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الصفحة 175 - Ah, turn thine eyes Where the poor houseless shivering female lies. She once, perhaps, in village plenty blest, Has wept at tales of innocence distrest ; Her modest looks the cottage might adorn, Sweet as the primrose peeps beneath the thorn ; Now lost to all, her friends, her virtue fled, Near her betrayer's door she lays her head...
الصفحة 189 - No matter in what language his doom may have been pronounced; no matter what complexion incompatible with freedom an Indian or an African sun may have burnt upon him; no matter in what disastrous battle his liberty may have been cloven down; no matter with what solemnities he may have been devoted upon the altar of Slavery; the first moment he touches the sacred soil of Britain, the altar and the god sink together in the dust...
الصفحة 188 - Slaves cannot breathe in England ; if their lungs Receive our air, that moment they are free; They touch our country, and their shackles fall.
الصفحة 142 - She, wretched matron, forced in age, for bread, To strip the brook with mantling cresses spread, To pick her wintry faggot from the thorn, To seek her nightly shed, and weep till morn; She only left of all the harmless train, The sad historian of the pensive plain.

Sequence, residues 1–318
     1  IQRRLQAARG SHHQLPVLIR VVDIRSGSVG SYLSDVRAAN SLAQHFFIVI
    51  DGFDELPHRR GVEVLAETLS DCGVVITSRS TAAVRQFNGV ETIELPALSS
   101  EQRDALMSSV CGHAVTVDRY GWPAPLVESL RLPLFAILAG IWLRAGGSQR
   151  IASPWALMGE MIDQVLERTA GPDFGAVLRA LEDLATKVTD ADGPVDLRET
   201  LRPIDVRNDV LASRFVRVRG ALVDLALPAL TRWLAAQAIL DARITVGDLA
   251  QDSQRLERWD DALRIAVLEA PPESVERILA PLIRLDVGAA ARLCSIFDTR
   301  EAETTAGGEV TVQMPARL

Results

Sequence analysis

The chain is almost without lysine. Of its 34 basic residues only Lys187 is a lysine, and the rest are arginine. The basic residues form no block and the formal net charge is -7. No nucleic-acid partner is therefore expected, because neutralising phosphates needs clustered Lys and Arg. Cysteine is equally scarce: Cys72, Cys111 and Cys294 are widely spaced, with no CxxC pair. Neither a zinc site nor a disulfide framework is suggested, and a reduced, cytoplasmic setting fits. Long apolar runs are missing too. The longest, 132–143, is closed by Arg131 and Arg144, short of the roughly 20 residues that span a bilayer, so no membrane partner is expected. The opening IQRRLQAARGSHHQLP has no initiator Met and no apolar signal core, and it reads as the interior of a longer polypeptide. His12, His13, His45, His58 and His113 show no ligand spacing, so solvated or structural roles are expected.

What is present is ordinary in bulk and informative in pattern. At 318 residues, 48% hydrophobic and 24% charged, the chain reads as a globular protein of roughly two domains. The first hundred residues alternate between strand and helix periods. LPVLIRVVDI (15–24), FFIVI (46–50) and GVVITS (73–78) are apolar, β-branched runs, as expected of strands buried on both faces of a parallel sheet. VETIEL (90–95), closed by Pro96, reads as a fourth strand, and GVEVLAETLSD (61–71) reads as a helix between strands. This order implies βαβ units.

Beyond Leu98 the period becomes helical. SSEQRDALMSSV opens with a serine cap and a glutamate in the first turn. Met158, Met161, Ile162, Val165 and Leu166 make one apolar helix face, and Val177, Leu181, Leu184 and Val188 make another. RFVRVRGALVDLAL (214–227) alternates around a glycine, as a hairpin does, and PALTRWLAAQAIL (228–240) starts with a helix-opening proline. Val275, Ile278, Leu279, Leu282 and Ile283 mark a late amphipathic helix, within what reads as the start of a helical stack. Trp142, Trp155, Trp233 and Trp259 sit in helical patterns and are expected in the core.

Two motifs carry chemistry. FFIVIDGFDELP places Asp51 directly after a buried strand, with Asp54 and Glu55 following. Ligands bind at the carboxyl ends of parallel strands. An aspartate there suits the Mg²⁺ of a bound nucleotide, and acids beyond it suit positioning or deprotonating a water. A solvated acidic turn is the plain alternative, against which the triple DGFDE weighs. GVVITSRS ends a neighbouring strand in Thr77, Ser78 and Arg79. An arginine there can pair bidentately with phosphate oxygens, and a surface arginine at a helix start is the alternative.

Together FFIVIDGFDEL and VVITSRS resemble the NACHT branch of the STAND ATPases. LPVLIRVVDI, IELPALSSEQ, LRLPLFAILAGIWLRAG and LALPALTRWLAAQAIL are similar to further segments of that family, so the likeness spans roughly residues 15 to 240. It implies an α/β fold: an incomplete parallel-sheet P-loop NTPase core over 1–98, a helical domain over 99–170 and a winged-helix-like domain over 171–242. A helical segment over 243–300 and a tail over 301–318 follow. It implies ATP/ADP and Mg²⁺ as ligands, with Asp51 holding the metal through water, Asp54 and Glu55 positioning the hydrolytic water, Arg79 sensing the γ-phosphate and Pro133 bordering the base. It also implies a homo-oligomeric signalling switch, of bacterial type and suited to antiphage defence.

الصفحة 168 - ... Where the broad ocean leans against the land, And sedulous to stop the coming tide, Lift the tall rampire's artificial pride. Onward methinks, and diligently slow, The firm connected bulwark seems to grow ; Spreads its long arms amidst the watery roar, Scoops out an empire, and usurps the shore. While the pent ocean rising o'er the pile, Sees an amphibious world beneath him smile ; The slow canal the yellow-blossom'd vale, The willow-tufted bank, the gliding sail, The crowded mart, the cultivated...
الصفحة 167 - Far to the right, where Apennine ascends, Bright as the summer, Italy extends ; Its uplands sloping deck the mountain's side, Woods over woods in gay theatric pride; While oft some temple's mould'ring tops between With venerable grandeur mark the scene.
الصفحة 173 - His pity gave ere charity began. Thus to relieve the wretched was his pride, And e'en his failings lean'd to virtue's side : But in his duty prompt at every call, He watch'd and wept, he pray'd and felt for all. And as a bird each fond endearment tries To tempt its new-fledg'd offspring to the skies, He tried each art, reprov'd each dull delay, Allur'd to brighter worlds, and led the way.
الصفحة 174 - To them his heart, his love, his griefs, were giv'n, But all his serious thoughts had rest in heav'n. As some tall cliff, that lifts its awful form, Swells from the vale, and midway leaves the storm, Tho' round its breast the rolling clouds are spread, Eternal sunshine settles on its head.